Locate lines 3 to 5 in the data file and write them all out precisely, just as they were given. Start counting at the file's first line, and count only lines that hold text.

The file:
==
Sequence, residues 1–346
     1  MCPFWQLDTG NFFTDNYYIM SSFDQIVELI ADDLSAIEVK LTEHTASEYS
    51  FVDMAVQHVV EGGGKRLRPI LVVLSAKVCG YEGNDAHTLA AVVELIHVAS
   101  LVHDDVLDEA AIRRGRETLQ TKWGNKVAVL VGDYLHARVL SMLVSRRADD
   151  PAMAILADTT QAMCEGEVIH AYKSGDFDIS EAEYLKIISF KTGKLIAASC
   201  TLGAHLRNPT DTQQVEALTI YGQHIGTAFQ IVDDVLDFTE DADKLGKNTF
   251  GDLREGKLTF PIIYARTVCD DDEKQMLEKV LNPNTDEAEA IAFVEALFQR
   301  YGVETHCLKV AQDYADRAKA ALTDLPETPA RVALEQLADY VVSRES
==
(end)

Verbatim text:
    51  FVDMAVQHVV EGGGKRLRPI LVVLSAKVCG YEGNDAHTLA AVVELIHVAS
   101  LVHDDVLDEA AIRRGRETLQ TKWGNKVAVL VGDYLHARVL SMLVSRRADD
   151  PAMAILADTT QAMCEGEVIH AYKSGDFDIS EAEYLKIISF KTGKLIAASC